How many bits?

24/03/2020

In this quarantine week, let’s answer a (not that) simple question: how many bits do you need to encode sound and images with a satisfying dynamic range?

Let’s see what hypotheses are useful, and how we can use them to get a good idea on the number of bits needed.

Read the rest of this entry »


(Sub)bit-fields (Coding with fractions of bits, Part II)

13/08/2019

Last week, we used the 6×7×6 palette as an example of very simple fraction-of-a-bit coding1. However, we can generalize still a bit more to allow single field extraction and modification

Read the rest of this entry »


The 6×7×6 palette (Coding with fractions of bits, Part I)

06/08/2019

Remember ye olde dayes when we had to be mindful of the so-called “web safe palette“? Once upon a time, screens could display 24-bits colors, but only 256 at a time in some “hi-res” modes. But that’s not what I’m going to tell you about: I’d rather tell you about the encoding of the palette, and about a somewhat better palette. And also about using fractions of bits for more efficient encodings.

Read the rest of this entry »


Mœud deux

07/08/2018

Pairing functions are fun. Last week, we had a look at the Cantor/Hopcroft and Ullman function, and this week, we’ll have a look at the Rosenberg-Strong function—and we’ll modify it a bit.

Read the rest of this entry »


Mœud

31/07/2018

Pairing functions are used to reversibly map a pair of number onto a single number—think of a number-theoretical version of std::pair. Cantor was the first (or so I think) to propose one such function. His goal wasn’t data compression but to show that there are as many rationals as natural numbers.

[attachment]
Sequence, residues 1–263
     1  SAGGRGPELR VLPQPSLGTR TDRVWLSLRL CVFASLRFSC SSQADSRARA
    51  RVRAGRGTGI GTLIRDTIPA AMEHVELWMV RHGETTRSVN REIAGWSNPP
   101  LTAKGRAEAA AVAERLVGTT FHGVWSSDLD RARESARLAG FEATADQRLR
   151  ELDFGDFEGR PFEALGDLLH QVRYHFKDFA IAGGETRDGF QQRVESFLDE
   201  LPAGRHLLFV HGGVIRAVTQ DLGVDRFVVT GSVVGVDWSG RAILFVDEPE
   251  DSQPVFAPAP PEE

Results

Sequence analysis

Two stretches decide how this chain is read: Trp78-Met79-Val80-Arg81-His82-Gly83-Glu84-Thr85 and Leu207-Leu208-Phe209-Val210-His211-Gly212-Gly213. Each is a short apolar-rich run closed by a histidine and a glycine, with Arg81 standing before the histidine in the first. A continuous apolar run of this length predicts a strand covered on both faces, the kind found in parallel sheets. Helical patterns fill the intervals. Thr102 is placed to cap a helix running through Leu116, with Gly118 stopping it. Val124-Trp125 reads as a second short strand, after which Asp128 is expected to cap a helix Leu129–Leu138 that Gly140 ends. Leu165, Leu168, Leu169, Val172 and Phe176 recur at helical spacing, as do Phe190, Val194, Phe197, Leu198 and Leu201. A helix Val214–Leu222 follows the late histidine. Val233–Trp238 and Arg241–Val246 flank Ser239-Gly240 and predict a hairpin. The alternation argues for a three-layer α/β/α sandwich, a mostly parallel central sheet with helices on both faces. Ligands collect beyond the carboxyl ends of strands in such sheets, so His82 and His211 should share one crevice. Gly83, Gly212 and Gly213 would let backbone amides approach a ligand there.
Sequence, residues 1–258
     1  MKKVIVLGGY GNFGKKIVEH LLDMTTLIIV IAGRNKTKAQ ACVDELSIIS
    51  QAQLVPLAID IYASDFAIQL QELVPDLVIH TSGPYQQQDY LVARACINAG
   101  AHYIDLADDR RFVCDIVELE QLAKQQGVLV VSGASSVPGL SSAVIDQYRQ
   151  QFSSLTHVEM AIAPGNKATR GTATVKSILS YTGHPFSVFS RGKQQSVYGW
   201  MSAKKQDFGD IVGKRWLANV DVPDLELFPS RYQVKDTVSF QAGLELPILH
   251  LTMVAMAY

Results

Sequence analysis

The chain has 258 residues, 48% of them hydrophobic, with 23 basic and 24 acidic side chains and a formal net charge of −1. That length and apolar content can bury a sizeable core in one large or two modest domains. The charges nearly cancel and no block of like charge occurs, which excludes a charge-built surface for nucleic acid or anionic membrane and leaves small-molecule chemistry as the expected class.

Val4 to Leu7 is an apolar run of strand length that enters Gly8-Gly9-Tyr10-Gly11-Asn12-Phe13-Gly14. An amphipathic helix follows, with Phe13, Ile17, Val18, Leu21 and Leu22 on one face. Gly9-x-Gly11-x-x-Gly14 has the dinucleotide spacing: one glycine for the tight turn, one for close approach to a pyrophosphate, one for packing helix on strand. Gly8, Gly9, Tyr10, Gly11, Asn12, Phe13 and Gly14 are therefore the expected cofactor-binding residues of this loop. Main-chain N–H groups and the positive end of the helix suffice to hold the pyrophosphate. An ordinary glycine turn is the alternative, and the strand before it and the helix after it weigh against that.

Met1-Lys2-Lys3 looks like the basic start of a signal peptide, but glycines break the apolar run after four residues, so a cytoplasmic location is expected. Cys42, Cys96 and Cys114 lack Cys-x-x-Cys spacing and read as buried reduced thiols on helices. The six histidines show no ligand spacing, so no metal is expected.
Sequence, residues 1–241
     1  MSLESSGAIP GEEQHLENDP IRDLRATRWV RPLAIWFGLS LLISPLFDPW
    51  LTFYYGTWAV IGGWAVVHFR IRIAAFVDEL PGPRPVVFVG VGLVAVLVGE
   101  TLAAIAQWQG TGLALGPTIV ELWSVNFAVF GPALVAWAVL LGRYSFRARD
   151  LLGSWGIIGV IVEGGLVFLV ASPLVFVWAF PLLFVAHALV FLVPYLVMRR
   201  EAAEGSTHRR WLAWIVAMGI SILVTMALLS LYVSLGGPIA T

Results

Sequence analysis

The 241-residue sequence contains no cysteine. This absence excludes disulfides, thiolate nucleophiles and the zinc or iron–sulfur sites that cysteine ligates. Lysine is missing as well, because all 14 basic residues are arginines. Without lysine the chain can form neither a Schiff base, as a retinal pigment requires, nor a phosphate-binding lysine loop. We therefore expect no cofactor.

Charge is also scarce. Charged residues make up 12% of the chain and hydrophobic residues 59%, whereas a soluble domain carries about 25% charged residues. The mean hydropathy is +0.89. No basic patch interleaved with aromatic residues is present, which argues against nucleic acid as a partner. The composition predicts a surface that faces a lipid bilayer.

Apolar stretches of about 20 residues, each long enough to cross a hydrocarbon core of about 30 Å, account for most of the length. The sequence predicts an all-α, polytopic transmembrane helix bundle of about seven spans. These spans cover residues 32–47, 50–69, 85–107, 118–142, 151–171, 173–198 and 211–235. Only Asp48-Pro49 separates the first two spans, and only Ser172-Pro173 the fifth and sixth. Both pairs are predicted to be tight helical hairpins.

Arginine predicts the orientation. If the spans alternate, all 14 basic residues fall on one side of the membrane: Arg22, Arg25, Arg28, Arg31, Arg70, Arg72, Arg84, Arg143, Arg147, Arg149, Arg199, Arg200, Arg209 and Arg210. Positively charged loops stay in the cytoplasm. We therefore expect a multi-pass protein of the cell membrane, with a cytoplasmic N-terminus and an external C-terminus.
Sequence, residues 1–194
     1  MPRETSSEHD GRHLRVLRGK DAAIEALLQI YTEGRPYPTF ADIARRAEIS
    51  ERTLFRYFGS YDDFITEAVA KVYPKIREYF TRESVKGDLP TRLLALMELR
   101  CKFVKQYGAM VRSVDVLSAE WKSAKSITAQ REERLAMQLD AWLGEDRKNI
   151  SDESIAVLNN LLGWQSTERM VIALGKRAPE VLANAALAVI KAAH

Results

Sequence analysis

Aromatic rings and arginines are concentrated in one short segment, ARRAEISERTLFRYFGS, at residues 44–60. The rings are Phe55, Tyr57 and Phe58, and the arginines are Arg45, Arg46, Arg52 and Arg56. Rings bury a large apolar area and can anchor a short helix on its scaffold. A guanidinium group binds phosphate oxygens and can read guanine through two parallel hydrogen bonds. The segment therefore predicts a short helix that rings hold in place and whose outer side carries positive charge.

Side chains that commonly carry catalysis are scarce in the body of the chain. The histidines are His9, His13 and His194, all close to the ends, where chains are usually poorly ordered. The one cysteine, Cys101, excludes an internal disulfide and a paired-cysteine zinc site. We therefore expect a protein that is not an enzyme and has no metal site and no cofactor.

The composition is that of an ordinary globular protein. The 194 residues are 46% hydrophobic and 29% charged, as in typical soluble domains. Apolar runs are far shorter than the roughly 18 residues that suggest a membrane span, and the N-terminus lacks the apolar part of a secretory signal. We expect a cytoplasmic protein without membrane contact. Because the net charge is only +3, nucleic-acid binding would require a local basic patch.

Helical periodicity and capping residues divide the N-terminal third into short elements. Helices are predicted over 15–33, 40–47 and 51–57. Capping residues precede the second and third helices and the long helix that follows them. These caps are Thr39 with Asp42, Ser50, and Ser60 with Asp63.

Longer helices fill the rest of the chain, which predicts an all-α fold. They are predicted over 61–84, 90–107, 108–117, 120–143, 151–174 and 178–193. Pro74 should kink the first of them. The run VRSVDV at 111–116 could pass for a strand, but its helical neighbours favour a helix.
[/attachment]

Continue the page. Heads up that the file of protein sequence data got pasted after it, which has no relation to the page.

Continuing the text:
Cantor’s function associates pairs (i,j) with a single number:

…but that’s not the only way of doing this. A much more fun—and spatially coherent—is the boustrophedonic pairing function.

Read the rest of this entry »


HSV and HSL (colorpsaces XI)

03/07/2018

HSV (hue, saturation, value) and HSL (hue, saturation, lightness) are two intuitive, but computationally cumbersome, colorspaces.

The basic idea behind these colorspaces is the good ol’ color wheel, where primary colors are placed on a triangle and secondary colors between; complementary colors are to be found opposite on the circle. That’s intuitive enough, but we still have to make it into a workable colorspace.

Read the rest of this entry »


Pantone Colors (Colorspaces X)

19/06/2018

Let’s have a look at another physical colorspace: Pantone.

The Pantone color system isn’t particularly useful for us as it is mainly concerned with “real world” colors, as in print. It also uses a variety of special dies, for metallic or fluorescent finish. It does, however, allow very accurate and consistent color reproduction for packaging, posters, and comics.

Read the rest of this entry »